Questions arose last week about whether Peaches is my first cat, my first foray into feline serfdom.  Actually, he’s not, but I’m a bit out of practice.  We took a kitten into our apartment in 1989, then another, then another…  For the past 28 years, we’ve had at least one and as many as six cats fleeing the vacuum cleaner and winding themselves around our legs.  Runty Caper set the house record for longevity, 23 years.  When she could no longer outrun our puppy, she began playing dead, proof that an old cat can learn new tricks.  As the cats aged, we moved them into a (baby) gated community in a spare bedroom that slowly devolved into a nursing home and then a hospice.  I thought my cat years were over, but during a brisk end-of-autumn walk, our dog flushed Ginger out of a corn field.  Ginger was a decidedly outdoor cat who roamed the neighborhood in weather so inclement it would stop even the postman.  She played with the local skunks, showed up every morning for breakfast, knocked on windows using her paw when she wanted to come in.  It was a new experience for me, a veteran indoor cat person.  When Peaches moved in next door, he was smitten with Ginger and followed her everywhere.  He was heartbroken when we lost her and moped around for weeks, hanging out in our flowerbed pining for her, and eagerly accepting any affection we would give him.  The neighbors (renters dismayed when the owner put the place on the market) closed on a new house last week, one near a state highway.  Afraid for Peaches’ safety and unable to keep him inside all the time, they asked if we’d be willing to take him.

Peaches was docile and affectionate.  His people said he loved being indoors, probably because it was such a rare treat.  Our new adoptee slept in his basket, basked in the sunny bay window, quickly mastered his litterbox, and licked the gravy off his canned food before finishing the tidbits.  Despite ample opportunities for escape, he never tried to make a break for it.  I figured it would be simple to transition him to a house cat.  WRONG.  On Day 5, he did a runner.  Why would he take off on such a cold, drizzly day?  I can only guess he spied his name on the calendar next to the word vet.  I spent the better part of the morning trying to find and capture the scrappy bastard, completely forgetting that since orange cats possess limited ability to camouflage, Peaches would have spent the last two years honing his feline Ninja skills and familiarizing himself with every nook and cranny in the neighborhood.  Trust me, opposable thumbs are no match for a combination like that.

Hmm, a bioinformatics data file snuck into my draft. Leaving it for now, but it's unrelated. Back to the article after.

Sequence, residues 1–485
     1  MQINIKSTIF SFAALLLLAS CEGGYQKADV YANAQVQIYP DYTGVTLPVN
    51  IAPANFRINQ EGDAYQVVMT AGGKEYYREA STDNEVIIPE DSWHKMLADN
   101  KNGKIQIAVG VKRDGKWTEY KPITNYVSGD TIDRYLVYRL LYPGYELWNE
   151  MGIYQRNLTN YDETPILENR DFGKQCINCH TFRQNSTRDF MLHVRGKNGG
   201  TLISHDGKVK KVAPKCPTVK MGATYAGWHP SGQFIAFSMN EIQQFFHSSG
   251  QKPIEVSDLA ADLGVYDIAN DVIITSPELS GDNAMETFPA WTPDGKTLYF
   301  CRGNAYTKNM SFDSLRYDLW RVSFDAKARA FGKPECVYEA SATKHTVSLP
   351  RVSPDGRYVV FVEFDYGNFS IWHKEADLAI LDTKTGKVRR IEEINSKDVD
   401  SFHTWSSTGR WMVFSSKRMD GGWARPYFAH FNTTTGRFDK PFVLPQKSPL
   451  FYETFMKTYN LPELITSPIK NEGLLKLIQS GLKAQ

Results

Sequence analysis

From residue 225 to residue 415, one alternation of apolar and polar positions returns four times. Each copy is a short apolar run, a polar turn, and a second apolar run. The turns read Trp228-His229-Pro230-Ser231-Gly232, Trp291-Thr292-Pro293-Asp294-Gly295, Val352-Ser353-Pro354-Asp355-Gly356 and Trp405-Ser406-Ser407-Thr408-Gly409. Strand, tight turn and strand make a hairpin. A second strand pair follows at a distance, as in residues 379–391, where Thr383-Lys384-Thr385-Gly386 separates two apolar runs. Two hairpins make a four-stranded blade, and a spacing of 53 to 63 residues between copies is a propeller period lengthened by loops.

Below is my account of the experience told in SHADORMA, a Spanish form with six lines and the following syllable count: 3 / 5 / 3 / 3 / 7 / 5.  Any subject is fair game; no final shift or turn is necessary.  Shadorma may be written as a single stanza or a series.


Keen instincts:
On scheduled vet day,
he slips out
the dog door,
reveling in freedom and
his own cleverness

Detailed maps
of the neighborhood:
every fence,
every tree,
spaces under decks and sheds
where he can lay low

outfox, outrun, hide
until owner
slogs home in muddy rain boots,
cancels appointment

Internal clock:
wait fifteen minutes,
purr sweetly,
and insist the whole thing was
just coincidence

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  1. chevvy8 September 17, 2017 / 8:05 am

    Sounds like Peaches has a foxy personality. Is it serfdom or fiefdom, sounds like feline rules.
    Enjoy your Sunday, Joan.

    Liked by 1 person

    • Just Joan September 17, 2017 / 10:00 am

      He does, Chevvy. Cat brains may be smaller than human ones, but unlike us, they make use of every neuron. Peaches has physical and athletic advantages as well. I can’t help but admire his independence, his clever use of resources, his determination to live life on his own terms. Heading out of town for a birthday party, an aunt turning 80, so Sunday might come down on Monday or Tuesday. I’ll be in touch when I can. 🙂

      Liked by 1 person

      • chevvy8 September 17, 2017 / 10:19 am